Lawmakers pursue more money to guard intellectual property

Reports accompanying spending bills signal appropriators are troubled by growing backlog of patent applications and the time it takes to process them.

Intellectual property protections for U.S. inventors and businesses would get a modest boost in fiscal 2008 if the House and Senate agree to the funding levels proposed for various programs across several agencies and departments.

The Patent and Trademark Office would receive $1.9 billion -- the full amount requested by the Bush administration -- under the House-passed appropriations bill and the measure awaiting a vote in the Senate. The agency got $1.7 billion in fiscal 2007.

But appropriators in both chambers also offered a stern warning. The committee reports accompanying the bills, S. 1745 and H.R. 3093, indicate that lawmakers are troubled by the growing backlog of patent applications and the time it takes to process them.

"The PTO's operations are not keeping pace with innovation," the Senate report said. The House report requests that PTO submit a study detailing current and planned hiring efforts, the affect that additional staff would have, and the impact of the backlog on American competitiveness.

Mike Kirk, who heads the American Intellectual Property Law Association, lauded PTO's likely full-funding. "It's been a long struggle to convince Congress that this was a priority," he said.

For four years, appropriators have allowed the agency to keep fees collected from patent and trademark applications instead of diverting them to unrelated projects. That benefit should be made permanent, Kirk said. The change would "give the PTO a better opportunity to make long-term plans to address the problems they face," he said.

The bills also would give the multi-agency task force charged with enforcing U.S. intellectual property law the same funding as prescribed by the administration's budget proposal -- $1 million -- amid mounting concerns about the impact of global IP infringement. The figure would be a small increase from the $990,000 the White House requested for the National IP Law Enforcement Coordination Council.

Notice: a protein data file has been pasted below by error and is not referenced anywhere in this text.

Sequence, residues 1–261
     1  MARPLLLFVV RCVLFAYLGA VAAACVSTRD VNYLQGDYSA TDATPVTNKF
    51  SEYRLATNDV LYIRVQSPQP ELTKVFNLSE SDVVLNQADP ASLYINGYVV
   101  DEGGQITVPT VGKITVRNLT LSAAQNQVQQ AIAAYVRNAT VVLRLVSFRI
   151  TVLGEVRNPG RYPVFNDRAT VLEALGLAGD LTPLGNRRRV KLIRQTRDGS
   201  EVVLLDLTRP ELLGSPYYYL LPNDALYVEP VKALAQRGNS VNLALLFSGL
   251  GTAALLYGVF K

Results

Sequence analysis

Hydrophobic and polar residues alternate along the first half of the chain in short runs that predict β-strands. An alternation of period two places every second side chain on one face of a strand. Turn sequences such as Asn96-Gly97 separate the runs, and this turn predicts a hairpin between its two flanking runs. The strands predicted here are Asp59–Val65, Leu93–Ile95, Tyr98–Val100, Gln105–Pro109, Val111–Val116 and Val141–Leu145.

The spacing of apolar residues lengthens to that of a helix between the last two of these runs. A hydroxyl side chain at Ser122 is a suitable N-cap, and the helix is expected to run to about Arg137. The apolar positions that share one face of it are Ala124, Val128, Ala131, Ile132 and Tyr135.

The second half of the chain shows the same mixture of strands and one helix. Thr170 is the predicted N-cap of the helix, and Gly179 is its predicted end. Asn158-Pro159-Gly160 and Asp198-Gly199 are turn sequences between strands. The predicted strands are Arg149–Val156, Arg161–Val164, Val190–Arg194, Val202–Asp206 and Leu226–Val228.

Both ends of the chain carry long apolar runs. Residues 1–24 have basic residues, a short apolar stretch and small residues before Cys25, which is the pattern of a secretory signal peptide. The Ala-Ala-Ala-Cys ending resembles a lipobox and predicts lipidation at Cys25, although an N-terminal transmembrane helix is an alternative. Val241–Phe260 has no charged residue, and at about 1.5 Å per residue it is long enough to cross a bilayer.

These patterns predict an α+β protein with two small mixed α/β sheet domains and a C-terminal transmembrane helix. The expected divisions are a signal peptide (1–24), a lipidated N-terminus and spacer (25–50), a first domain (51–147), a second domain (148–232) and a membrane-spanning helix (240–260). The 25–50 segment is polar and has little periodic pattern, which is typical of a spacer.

NIPLECC has faced criticism from lawmakers and IP experts in recent years. The Government Accountability Office's Loren Yager told a Senate committee in April that the council has trouble "providing leadership despite enhancements made by Congress." A related presidential directive, the Strategy Targeting Organized Piracy (STOP), "could disappear after the current administration leaves office," Yager said.

Sens. Evan Bayh, D-Ind., and George Voinovich, R-Ohio, introduced a bill earlier this year that would preserve much of the program's work.

Under the Senate Appropriations Committee's recommendation, the Justice Department also would get $13 billion to curtail domestic and international IP crime, which would include the creation of an FBI unit dedicated to multi-district and global cases.

The House committee report requests an increase in the number of FBI agents assigned to computer hacking and IP field units, and those at headquarters who support the criminal division's computer crime and IP section.

The same report recommends $48.4 million for the Office of the U.S. Trade Representative, $4 million more than the administration's request. The boost is intended for an increased focus on intellectual property, among other provisions.

The committee noted that piracy issues strain U.S. relationships with China, Russia and other countries. Lawmakers urged the office to "continue to prioritize such issues in bilateral and multilateral trade negotiations" and write a report on Russia's progress.

Solveig Singleton of the Progress and Freedom Foundation said she is concerned that lawmakers are "throwing money at institutions that aren't well-designed."